is an annual event held every October 15 that unites the world’s bloggers in posting about the same issue on the same day with the aim of sparking a global discussion and driving collective action. This year’s topic is water & at this moment, over 4,700 bloggers in 134 different countries have participated.
While many are talking about all sorts of different stats, figures, and other items – let’s be honest, unless you have been there, it does not really mean that much or fully compute for us. Sure, some of us have gone through water restriction periods; but we could still turn on our tap to get water. While we are liable to never have to worry about the same conditions seen in other countries, we are still faced with issues involving not only our water usage but also the treatment of it. With that said though, how about focusing on items we can control, in our own houses…
From our Money Saving Tricks & Tips Article:
Drips & Leaks: You can easily have 100’s of gallons or more of water going down the drain a month by not fixing leaking plumbing fixtures or lines. If the water is leaking elsewhere, for instance around a toilet, under the house, etc… you may end up with major rot &/or mold issues that need to be dealt with which can easily run into the thousands, if not tens of thousands of dollars.
Toilets: If your toilet is an older model that uses 5 gallons of water to flush, you should consider getting it replaced. The newer ones use only 1.6 gallons of water & some of them now use less than that. If a new toilet is not an option at this time, you can place a 2-liter bottle or gallon container in the tank to offset the amount of water used.
From our 25 Conservation Tips Article:
- Do we really need to say this — Take shorter showers, you can easily get cleaned with a 5 minute shower, while most individuals spend 10 to 15 minutes
- Another, do we really need to say this — Turn the water off when you are not actually rinsing something; washing teeth, shaving, rinsing off dishes, etc…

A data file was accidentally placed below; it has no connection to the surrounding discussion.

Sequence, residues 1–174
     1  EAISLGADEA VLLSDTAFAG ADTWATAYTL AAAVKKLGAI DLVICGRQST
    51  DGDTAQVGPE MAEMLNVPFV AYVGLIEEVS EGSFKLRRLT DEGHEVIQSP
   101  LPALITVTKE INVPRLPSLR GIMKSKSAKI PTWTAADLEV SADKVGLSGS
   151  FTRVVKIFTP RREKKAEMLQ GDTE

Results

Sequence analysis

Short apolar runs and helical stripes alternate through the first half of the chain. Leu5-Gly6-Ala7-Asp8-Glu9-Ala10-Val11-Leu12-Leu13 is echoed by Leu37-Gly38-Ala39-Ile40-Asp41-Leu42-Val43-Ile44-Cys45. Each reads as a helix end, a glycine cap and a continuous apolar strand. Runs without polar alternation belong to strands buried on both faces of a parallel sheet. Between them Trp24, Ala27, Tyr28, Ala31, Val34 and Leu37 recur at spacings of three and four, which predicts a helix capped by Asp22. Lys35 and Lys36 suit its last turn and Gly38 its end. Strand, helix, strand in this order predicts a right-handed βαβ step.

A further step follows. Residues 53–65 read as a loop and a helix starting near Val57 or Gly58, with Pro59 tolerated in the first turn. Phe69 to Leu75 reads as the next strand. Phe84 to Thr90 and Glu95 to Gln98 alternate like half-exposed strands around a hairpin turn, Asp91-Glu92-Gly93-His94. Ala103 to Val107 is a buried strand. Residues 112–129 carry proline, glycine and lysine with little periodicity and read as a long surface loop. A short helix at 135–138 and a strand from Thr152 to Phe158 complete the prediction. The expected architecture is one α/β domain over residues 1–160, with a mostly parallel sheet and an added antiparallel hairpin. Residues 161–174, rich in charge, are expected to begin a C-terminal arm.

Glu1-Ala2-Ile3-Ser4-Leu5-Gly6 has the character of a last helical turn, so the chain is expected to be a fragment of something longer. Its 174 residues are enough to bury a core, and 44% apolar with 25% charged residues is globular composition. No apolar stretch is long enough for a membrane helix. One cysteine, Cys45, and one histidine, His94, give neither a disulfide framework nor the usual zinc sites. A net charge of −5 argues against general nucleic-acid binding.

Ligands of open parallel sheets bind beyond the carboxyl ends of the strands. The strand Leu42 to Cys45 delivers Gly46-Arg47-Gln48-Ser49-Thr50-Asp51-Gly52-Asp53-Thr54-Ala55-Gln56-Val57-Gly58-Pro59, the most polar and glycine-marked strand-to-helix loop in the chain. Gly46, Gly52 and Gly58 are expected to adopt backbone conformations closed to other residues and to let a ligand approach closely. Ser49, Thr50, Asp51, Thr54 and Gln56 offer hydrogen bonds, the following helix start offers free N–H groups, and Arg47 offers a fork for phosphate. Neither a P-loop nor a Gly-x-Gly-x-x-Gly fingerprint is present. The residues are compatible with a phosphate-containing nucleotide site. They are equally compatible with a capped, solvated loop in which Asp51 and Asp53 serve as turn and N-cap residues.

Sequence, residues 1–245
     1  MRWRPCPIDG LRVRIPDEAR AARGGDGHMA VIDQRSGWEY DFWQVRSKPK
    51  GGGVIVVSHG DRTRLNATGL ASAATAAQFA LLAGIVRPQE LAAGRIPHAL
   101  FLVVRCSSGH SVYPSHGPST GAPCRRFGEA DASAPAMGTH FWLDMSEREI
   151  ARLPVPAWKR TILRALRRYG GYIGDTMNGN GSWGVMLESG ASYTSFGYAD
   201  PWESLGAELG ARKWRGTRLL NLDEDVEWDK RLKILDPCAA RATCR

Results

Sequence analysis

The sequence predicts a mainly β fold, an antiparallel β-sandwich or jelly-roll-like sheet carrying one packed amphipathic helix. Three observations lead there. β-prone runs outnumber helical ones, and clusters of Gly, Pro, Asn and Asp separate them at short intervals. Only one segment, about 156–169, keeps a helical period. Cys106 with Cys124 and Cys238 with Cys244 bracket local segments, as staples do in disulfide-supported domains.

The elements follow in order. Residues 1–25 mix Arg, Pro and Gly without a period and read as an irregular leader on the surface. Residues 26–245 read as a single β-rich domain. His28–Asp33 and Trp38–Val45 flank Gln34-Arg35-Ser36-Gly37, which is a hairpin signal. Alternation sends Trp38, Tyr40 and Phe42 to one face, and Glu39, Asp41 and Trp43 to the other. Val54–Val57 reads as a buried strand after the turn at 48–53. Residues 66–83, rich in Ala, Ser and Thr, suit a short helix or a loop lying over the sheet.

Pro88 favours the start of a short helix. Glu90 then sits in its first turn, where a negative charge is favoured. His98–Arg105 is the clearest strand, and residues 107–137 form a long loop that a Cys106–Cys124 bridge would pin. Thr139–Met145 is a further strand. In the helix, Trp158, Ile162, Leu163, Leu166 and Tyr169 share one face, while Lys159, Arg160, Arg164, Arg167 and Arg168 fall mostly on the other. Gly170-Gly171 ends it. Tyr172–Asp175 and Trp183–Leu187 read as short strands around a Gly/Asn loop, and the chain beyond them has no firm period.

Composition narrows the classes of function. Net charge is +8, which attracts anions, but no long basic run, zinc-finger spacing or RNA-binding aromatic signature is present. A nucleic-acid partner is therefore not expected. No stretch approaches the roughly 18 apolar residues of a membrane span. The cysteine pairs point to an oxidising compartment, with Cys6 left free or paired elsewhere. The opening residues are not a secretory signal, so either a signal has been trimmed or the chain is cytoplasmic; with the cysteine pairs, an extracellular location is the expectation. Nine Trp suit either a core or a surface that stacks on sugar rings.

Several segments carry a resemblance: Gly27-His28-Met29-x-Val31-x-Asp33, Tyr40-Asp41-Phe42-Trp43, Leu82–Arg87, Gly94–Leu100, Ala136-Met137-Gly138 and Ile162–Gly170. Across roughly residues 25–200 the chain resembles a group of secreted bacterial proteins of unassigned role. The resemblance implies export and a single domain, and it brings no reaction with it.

- Showers vs. Baths – a 10 minute shower wins over a bath, especially if you have a WaterSense or low flow shower head installed
- If you have a dual flush system, use the proper flush
- Do not throw tissues, or other items in the toilet & flush them, use a trash can
- A full dishwasher load will save you water over hand washing
- While they have created smart dishwashers that can base water usage on if it is full or not, you are better off waiting for a full load as it still uses at least 75% of the water used for a full load
From our Going Green Series:
Kitchens: Look for the EPA’s WaterSense label: The EPA has started a program called WaterSense, which is very similar to the EnergyStar program. While the program currently focuses mostly on bathrooms and exterior watering, in the near future I can envision kitchen faucets & possibly dishwashers being designed and added to the list. One water saving feature would be to install an aerator on the kitchen faucet.
- Install low-flow faucets and showerheads (.5 to 1.5 GPM as compared to 2.5+ GPM) and aerators to help reduce the amount of water used. The technology has come a long way in the last few years so that in most cases you cannot tell the difference until you get your water bill.
- Install newer low-flow or dual-flush toilets. These toilets can function properly while using as little as half the water used by regular toilets used today. Dual-flush toilets offer the choice for a lighter flush or a more thorough flush as needed.
Just by following some of these examples, you can possibly cut your usage by half if not more. According to the statisticians, most American’s use a 100 gallons plus a day per person – in our household it averages out to 35 gallons a day. While this might not be as sexy as insulation, or saving energy, it doesn’t make sense to waste or spend money unnecessarily – Does it?